Publication Focuses on Adding an Orthodontic Associate

There are many magazines, journals and newspapers that our team reads on a regular basis to keep up with current news and events in the orthodontic community. When a publication arrives, it gets passed around the office with a sticky note, indicating who has read it and who has not. (It’s ultimately a pretty good system unless the sticky note falls off.)

Chris Bentson has been recently published in a couple of orthodontic publications. His most current article is co-authored with Daniel Sroka, JD, who has served the legal needs of Bentson Clark & Copple’s referred clients since 2004. The April/May 2013 issue of Orthodontic Products Magazine features Plus One: What You Need to Know when Adding an Associate to your Practice.  Below is a short excerpt from the article.

“Adding a doctor to the practice is a big decision and affects a great number of systems in the office. Change will occur. Thus, having clarity about why you want an associate is often the first question to ask. While there may be many motivations for bringing an associate into a practice, typically, an owner doctor chooses to bring an associate for one of three reasons.

The first is to help with the workload of treating patients due to practice growth. The second is to allow for more time out of the clinic or away from the practice, or, said another way, to increase the quality of life for the owner doctor within the practice but not necessarily to grow the practice. The third reason is often as a first step in a future transition plan where partial or full equity will eventually be offered to the associate doctor, but that plan is not yet defined.”

Click here read the entire Orthodontic Products article.

Bentson Article Featured in Orthodontic Products Magazine

GREENSBORO, NORTH CAROLINA— At least once in their lives orthodontic practice owners will go through a practice transition. Whether they are buying into a practice, adding a partner, or selling their practice for retirement, Chris Bentson of Bentson Clark & Copple advises orthodontists through every step of the process.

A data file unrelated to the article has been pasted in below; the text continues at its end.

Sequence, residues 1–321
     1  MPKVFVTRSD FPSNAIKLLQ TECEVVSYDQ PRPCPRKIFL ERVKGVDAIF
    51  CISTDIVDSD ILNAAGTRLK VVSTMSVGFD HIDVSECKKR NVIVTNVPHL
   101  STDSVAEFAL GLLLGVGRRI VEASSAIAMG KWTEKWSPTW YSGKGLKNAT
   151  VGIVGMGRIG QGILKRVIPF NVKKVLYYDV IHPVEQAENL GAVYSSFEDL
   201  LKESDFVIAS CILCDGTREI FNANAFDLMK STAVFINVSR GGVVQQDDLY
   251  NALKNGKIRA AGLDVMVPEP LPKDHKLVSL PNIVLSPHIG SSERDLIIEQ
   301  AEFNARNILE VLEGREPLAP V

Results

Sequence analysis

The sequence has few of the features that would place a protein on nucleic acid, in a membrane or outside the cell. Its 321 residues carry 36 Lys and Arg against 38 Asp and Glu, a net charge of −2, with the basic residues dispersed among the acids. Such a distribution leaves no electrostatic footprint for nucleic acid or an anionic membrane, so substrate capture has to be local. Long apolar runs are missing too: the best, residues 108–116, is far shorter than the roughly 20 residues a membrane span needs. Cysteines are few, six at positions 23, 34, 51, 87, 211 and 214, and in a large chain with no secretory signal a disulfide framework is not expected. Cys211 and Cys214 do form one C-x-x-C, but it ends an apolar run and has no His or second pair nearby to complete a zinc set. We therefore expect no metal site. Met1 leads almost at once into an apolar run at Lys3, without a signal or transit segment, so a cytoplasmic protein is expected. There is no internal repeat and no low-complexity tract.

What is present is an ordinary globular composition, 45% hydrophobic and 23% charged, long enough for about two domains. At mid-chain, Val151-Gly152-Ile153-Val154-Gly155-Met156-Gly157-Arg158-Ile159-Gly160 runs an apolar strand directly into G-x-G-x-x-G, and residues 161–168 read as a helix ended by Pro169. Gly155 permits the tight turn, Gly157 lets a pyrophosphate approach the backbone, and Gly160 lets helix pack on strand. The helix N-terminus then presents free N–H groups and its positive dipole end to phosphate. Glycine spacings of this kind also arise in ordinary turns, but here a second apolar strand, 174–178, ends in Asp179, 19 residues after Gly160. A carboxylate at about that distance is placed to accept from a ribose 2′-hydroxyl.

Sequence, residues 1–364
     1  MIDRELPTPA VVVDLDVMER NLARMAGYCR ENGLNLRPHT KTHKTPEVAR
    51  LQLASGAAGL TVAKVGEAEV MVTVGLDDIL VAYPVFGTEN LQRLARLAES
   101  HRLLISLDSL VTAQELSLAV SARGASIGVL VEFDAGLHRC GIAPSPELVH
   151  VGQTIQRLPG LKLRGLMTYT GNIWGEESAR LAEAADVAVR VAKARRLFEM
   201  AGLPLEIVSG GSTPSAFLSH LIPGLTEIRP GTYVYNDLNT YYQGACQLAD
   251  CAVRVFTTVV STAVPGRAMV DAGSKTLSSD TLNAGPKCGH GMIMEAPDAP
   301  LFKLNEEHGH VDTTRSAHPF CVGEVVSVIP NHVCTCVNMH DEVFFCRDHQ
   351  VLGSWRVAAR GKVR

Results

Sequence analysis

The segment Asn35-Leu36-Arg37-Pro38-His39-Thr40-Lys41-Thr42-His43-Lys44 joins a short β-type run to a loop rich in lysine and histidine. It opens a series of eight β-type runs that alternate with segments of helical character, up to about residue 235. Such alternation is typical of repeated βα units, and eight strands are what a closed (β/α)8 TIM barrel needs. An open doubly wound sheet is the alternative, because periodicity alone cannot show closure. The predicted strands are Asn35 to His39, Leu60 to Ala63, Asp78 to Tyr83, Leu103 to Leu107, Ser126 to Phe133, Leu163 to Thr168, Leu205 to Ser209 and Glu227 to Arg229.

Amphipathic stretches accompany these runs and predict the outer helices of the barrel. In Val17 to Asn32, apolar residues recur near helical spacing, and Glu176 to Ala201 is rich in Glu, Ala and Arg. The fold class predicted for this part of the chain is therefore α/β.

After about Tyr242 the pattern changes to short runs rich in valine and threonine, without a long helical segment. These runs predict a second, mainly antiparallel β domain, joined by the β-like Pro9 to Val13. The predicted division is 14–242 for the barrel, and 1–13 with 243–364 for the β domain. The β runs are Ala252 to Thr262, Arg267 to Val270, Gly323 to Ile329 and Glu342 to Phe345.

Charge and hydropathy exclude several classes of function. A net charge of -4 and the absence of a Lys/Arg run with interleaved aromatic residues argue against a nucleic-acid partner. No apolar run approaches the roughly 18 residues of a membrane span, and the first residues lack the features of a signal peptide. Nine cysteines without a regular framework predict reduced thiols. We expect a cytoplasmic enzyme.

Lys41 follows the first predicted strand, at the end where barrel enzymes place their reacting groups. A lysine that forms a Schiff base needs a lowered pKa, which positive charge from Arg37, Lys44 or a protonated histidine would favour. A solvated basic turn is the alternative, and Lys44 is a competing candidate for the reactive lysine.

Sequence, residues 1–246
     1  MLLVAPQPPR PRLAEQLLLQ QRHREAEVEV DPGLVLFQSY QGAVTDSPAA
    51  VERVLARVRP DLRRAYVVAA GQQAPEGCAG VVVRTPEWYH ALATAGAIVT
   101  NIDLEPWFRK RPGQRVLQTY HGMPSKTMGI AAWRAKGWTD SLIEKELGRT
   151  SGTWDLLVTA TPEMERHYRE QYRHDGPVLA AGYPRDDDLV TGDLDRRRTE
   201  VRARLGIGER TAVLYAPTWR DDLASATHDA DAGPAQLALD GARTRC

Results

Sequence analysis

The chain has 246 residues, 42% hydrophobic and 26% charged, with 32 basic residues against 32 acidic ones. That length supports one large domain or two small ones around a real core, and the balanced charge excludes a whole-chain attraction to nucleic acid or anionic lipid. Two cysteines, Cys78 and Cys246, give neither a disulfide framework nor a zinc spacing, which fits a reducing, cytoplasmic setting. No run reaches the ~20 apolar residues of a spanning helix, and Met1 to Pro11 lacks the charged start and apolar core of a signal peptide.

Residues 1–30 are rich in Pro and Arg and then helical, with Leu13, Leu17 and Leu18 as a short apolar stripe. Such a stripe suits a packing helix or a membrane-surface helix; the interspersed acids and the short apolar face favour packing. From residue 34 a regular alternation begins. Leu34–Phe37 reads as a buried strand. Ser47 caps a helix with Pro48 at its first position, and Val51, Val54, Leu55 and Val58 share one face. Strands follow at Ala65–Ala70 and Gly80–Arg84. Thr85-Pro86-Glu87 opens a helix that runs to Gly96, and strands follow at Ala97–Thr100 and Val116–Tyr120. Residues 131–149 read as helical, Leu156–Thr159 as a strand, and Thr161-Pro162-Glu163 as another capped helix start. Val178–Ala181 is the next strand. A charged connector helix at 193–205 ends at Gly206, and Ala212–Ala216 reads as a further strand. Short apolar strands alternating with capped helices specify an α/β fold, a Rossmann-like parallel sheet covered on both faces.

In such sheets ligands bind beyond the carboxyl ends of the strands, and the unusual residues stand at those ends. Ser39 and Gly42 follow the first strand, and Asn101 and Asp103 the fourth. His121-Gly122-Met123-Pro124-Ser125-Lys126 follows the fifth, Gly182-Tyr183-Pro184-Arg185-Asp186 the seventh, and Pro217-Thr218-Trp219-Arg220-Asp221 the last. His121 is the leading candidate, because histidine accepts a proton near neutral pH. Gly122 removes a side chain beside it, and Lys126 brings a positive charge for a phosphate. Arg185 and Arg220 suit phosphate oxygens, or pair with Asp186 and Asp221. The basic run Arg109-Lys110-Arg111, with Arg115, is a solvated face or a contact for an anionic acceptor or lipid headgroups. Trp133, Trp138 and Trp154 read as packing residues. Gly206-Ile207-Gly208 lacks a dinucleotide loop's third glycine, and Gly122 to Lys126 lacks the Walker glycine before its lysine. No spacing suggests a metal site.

In the latest issue of Orthodontic Products Magazine, Bentson explains practice transitions in five main steps.

Begin by Gathering Information
The transition process starts at least two to three years before an orthodontic practice is put up for sale. Begin by learning as much as possible about the transition process. Talk it through with financial advisors, spouses, and other orthodontists who have gone through a transition. Make sure you consult several colleagues and sources of information, as experiences can vary. Word of mouth can also be a valuable asset when choosing a company to conduct an orthodontic practice valuation. Being well informed can minimize any pitfalls or surprises that come with the transition process.

Have A Valuation Performed
Before selling a practice, an orthodontist needs to know exactly what it’s worth. Like selling a car, or a house, appraisals must be done before any transactions can occur. An orthodontic practice valuation is much like having an orthodontic appraisal done before you sell. Valuations allow an orthodontist to know exactly where their practice stands financially before undergoing a transition.

Find the Perfect Partner or Buyer
In the current market there is a ratio of 3:1 seekers to opportunities, which is good news for those looking for another orthodontist for their practice. While residents tend to move to coastal states or high-density areas, it’s important to look for a candidate that can transition into your practice in the time frame you had in mind. Consider listing your opportunity with a transition specialization firm that has resident/doctor matching services. Transition firms often match doctors with buyers or partners free of charge.

Finalize all Transaction Negotiations
This period is where a transition will really kick into gear. During transition negotiations, buyer and seller will agree on a price, a financing plan for the orthodontic practice sale and work out any other details of the sale in writing. Generally, finalizing all the paperwork can take up to 90 days.

Official Ownership Transfer
This final stage of transition is essentially nothing more than finally signing official documents, and changing stationary and nameplates. Done properly, ownership transfer day will seem like just another day in the office.

These steps are an outline of the transition process to prepare orthodontists for the future. Proper research, planning and patience will allow for a smooth and rewarding transition.

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